Decided on May 31,1976



M.M.Dutt, J. - (1.)In this rule the petitioner, who is admittedly the owner of the disputed land, has challenged the legality of the proceedings before the respondent No. 2, the Bhagchas Officer, Mathurapur, instituted by the respondent No. 3, Nirapada Haldar, a bargadar, under Section 19-B of the West Bengal Land Reforms Act, 1955.
(2.)In that proceeding it has been alleged by the respondent No. 3 that his cultivation of the disputed land has been forcibly terminated by the petitioner. He has prayed for reliefs under Section 19-B of the Act. Section 19-B is as follows:--
"(1) If a person owning any land terminates or causes to be terminated the cultivation of the land by a bargadar in contravention of the provisions of this Act, then any officer specially empowered by the State Government in this behalf, shall, on the application by such bargadar by order direct - (a) in a case where such land has not been cultivated, or has been cultivated by the owner or by any person on his behalf other than a bargadar, that the land be immediately restored to the applicant and further that forty per cent, of any produce of the land shall be forfeited to the State Government and the remaining sixty per cent, of such crops shall be retained by the applicant." The remaining provisions of Section 19-B are not necessary for our purpose and, as such, they are omitted. It is contended on behalf of the petitioner that Clause (a) of Sub-section (1) of Section 19-B insofar as it provides for forfeiture of the forty per cent, of the produce of the land, is ultra vires Item 18 of List II of the Seventh Schedule to the Constitution. In other words, a challenge has been made on behalf of the petitioner to the competency of the State Legislature to enact such a provision providing for the forfeiture of the produce. Item 18 of List II of the Seventh Schedule to the Constitution is as follows:--

"18. Land, that is to say, rights in or over land, land tenures including the relation of landlord and tenant, and the collection of rents, transfer and alienation of agricultural land; land improvement and agricultural loans; colonization." Item 18 does not provide for the forfeiture of any produce. But, at the same time, it must be said that it is very wide in its scope. The State Legislature has been conferred with power to make laws for agricultural lands, agricultural tenures, any right in or over such lands etc. The object of providing for the forfeiture of the produce in Clause (a) of Sub-section (1) of Section 19-B seems to be that the Legislature intends to prevent illegal and forcible termination of the cultivation of a bargadar in violation of the provisions of the Act. It may be that it is some sort of a penal provision. But the question is whether when the Legislature is competent to enact on a subject, it can also provide for penalties in case of violation of the law which it is competent to enact. In my opinion, when the Legislature is conferred with the power to enact on a particular subject, such power will necessarily include the power to provide for penal provisions for the violation of the provisions of that enactment. The only grievance of the petitioner is with regard to the provision for forfeiture and not to any other provision of Section 19-B or the other sections of the Act. In my opinion, therefore, it cannot be said that because Item 18 does not provide for any penal provision, the State Legislature has no power to enact such a provision. The provision for forfeiture, as contained in Clause (a) of Sub-section (1) of Section 19-B, in my view, is quite within the legislative competency of the State Legislature under Item 18 of List II. No other point has been urged in this Rule. The provision for forfeiture in Clause (a) is held to be quite legal and constitutional.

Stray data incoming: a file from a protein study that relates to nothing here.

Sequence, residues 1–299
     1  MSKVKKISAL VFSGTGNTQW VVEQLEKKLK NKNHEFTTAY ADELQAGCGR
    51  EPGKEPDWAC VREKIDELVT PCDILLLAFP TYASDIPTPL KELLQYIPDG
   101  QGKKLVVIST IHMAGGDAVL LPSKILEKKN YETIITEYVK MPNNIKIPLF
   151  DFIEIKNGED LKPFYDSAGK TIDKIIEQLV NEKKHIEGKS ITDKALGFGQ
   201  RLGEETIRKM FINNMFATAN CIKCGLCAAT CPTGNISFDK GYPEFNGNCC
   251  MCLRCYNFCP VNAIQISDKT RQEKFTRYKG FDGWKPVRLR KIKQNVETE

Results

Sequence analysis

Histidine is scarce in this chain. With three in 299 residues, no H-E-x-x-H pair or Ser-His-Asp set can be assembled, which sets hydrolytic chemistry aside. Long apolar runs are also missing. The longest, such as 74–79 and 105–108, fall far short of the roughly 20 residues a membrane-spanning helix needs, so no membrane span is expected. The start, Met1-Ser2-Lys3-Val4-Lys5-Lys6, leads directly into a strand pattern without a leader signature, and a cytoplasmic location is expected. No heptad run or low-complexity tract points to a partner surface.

(3.)This Rule is, accordingly, discharged, but there will be no order as to costs.

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